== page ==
If you happen to be looking for the free, HTML version of my book on Scala and functional programming, I’m currently in the process of moving it to this website. That way you (and I) can search it more easily, along with several hundred other pages I’ve written about programming in Scala. The first page of the content is available here: Learning Functional Programming in Scala.
If you like “works in progress,” I’m currently in the process of moving the HTML version of my new book to this website (alvinalexander.com). You can find the first page here at Learning Functional Programming in Scala.
(The motivation for moving it here is that I want to a) make my life easier, and b) make it so I can find my own content by just searching this website.)
If you ever want to write your own book as an Amazon Kindle book, here’s the Kindle “supported formats” page.
I haven’t done any HTML5-specific web programming in a while, so although I know many of the HTML5 tags, I don’t know them all. Here’s a link to the HTML Element Reference page on w3schools.com.
If you ever need some good ScalaJ-HTTP examples, see the test files in the project, including this HttpBinTest.scala file. That file currently shows a number of good ScalaJ-HTTP examples, including GET, POST, redirect examples with Scala.
See that page for a full list of examples, but for my own use, here are a few of them.
As a quick note, if you ever want to created a dotted border that has some RGB opacity to it, I just used the following CSS code to style some hyperlinks, and I can confirm that it works:
In this post I share the contents of a custom TextMate command I just created that uses
sed to convert markdown content in the TextMate editor to a “pretty printer” version of HTML:
#!/bin/sh PATH=$PATH:/usr/local/bin # note: 'sed -E' gives you the advanced regex's # use pandoc to convert from markdown to html, # then use sed to clean up the resulting html pandoc -f markdown -t html |\ sed -Ee "/<p|<h2|<h3|<h4|<aside|<div|<ul|<ol/i\\ \\"
You can try to use a command like
tidy to clean the HTML, but the version of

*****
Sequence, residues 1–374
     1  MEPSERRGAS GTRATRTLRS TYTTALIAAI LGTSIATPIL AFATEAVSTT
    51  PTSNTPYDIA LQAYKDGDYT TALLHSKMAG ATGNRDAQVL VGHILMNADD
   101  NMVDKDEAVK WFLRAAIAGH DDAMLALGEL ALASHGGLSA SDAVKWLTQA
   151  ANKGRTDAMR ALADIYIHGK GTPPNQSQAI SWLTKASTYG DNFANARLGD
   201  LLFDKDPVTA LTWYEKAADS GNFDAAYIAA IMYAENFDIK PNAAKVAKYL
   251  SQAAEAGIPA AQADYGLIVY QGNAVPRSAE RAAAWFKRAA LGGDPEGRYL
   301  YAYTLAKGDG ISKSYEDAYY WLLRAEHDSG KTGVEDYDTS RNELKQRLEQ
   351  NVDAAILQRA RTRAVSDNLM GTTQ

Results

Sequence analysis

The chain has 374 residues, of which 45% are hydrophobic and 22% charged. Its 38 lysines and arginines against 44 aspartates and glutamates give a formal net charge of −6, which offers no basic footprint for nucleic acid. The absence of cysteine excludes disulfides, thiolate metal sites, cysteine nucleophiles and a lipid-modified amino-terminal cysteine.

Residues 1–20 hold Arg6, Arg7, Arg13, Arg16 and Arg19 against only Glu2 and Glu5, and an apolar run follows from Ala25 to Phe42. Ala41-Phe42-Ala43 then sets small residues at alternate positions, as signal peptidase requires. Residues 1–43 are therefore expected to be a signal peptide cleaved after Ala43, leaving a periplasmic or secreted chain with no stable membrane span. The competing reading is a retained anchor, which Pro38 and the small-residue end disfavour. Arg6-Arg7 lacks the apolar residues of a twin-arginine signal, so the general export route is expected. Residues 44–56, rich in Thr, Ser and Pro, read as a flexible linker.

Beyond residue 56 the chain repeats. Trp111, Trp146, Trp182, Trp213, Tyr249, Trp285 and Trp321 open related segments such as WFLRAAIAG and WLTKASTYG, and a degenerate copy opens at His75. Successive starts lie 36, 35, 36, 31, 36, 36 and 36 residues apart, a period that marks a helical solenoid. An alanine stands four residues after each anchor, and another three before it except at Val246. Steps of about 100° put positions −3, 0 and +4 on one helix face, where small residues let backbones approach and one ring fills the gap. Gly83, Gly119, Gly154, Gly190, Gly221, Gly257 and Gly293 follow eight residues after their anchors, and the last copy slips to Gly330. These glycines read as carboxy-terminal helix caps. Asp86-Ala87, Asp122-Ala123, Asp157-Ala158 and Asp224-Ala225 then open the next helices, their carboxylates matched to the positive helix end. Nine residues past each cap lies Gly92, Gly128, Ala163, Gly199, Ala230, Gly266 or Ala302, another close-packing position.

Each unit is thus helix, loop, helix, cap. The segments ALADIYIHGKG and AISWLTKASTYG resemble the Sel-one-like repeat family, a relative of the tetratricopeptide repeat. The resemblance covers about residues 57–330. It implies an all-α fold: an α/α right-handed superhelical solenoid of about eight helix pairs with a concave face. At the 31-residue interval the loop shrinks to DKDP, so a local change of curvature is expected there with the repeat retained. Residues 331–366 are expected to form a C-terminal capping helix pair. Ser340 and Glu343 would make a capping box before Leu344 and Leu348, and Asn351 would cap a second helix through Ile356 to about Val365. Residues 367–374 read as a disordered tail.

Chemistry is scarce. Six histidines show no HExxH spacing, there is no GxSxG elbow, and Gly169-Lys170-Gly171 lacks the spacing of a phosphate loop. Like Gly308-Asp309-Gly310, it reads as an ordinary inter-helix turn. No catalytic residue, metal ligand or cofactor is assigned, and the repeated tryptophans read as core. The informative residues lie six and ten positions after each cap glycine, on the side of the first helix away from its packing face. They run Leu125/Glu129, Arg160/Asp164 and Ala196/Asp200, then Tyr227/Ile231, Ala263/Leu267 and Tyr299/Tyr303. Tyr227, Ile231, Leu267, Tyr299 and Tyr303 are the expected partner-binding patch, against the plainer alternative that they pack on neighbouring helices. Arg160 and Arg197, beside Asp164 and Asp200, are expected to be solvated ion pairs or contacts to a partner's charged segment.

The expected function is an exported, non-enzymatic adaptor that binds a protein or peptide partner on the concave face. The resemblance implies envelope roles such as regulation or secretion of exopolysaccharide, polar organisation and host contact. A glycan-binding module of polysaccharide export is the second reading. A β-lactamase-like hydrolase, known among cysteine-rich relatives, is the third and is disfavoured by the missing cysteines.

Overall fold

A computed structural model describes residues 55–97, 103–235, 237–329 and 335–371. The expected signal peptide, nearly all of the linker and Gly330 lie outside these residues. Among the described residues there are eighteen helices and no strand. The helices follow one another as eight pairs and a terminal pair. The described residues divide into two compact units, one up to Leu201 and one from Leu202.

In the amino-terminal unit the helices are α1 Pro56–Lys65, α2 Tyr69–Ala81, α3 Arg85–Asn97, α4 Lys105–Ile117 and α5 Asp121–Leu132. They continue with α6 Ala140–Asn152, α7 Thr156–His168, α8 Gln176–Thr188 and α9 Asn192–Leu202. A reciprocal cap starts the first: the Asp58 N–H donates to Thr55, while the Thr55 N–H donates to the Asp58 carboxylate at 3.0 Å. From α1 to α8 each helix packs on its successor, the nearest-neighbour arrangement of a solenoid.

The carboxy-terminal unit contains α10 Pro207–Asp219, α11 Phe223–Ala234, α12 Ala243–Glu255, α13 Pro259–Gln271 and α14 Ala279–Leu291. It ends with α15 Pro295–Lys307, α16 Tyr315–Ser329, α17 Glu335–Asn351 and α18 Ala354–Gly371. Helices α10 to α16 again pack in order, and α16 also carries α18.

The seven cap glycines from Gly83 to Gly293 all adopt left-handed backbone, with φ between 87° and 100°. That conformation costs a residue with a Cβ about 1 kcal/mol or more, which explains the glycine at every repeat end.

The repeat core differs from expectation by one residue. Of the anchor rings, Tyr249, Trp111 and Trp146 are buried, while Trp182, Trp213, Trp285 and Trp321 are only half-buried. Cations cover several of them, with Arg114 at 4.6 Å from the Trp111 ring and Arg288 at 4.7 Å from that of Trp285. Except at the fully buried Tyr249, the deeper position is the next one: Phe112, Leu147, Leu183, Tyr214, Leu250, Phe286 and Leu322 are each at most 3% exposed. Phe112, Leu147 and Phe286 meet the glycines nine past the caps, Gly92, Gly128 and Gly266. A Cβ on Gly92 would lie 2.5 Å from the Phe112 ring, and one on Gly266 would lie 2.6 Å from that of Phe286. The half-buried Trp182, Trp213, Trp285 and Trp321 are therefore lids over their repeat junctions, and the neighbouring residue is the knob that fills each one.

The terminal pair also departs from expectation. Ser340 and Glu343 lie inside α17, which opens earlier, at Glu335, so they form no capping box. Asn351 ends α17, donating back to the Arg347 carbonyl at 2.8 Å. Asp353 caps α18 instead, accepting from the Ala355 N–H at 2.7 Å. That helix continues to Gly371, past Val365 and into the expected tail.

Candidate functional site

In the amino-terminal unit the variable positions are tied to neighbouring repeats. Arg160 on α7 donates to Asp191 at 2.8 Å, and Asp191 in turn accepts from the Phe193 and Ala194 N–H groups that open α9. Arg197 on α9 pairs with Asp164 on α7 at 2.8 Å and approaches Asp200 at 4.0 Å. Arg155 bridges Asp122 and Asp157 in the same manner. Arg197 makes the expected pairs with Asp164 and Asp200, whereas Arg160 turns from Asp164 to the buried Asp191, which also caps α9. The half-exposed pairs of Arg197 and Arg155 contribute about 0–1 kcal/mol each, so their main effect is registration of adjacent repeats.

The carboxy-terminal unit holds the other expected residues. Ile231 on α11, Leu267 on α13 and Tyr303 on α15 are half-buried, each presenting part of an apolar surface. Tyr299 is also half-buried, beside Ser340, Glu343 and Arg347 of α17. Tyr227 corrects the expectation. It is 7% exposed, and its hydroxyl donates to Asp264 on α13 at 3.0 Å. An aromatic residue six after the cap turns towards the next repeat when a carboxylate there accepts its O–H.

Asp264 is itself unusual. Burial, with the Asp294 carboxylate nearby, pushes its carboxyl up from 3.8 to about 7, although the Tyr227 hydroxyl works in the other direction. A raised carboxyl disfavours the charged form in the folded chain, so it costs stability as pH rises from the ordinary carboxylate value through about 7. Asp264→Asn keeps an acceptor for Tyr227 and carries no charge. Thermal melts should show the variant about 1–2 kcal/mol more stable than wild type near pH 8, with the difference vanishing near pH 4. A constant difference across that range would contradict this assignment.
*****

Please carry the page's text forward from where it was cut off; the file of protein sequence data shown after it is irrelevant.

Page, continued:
tidy I have does not know about HTML5 tags. The TextMate Markdown plugin also doesn’t work the way I want it. Besides that, I’m trying to learn more about writing TextMate commands anyway.
As an important note, when you set this up as a TextMate command and then run it, it will convert the TextMate editor contents from markdown to HTML.
(In a related note, serenity.de is also a good resource for TextMate command and bundle documentation.)
In summary, this code shows:
* How to execute a Unix shell command from TextMate
* Specifically, how to execute a
sed command from TextMate
* How to use modern regular expressions with
* How to search for multiple regex search patterns with
Markdown FAQ: How do I create comments in Markdown? Especially comments that won’t appear in the generated output.
Part 1 of my answer is that technically there is no way — or at least no standard way — to create comments in Markdown documents, other than to use HTML comments like this:
I’m looking into producing my Scala/FP book as a PDF, and as part of that I have been looking into Pandoc. With the exception of converting HTML tables into other formats such as Markdown or LaTeX, Pandoc has been working well so far.
Here are a couple of Pandoc commands to show you how easy this is:
# create a pdf from a markdown doc pandoc test1.md -s -o test1.pdf # create an html doc from a markdown doc, long form pandoc test1.md -f markdown -t html -s -o test1.html # convert markdown to latex pandoc test1.md -s -o test1.tex pandoc test1.md -f markdown -t latex -s -o test1.tex # read a markdown doc and print html to stdout pandoc -s table.md --to html
As a “note to self,” this command helps with the Pandoc HTML to Markdown table conversion problem:
pandoc table.html --to=markdown_github -o table.md
I think the problem is that I’m used to a specific type of table markdown, and Pandoc emits something else by default.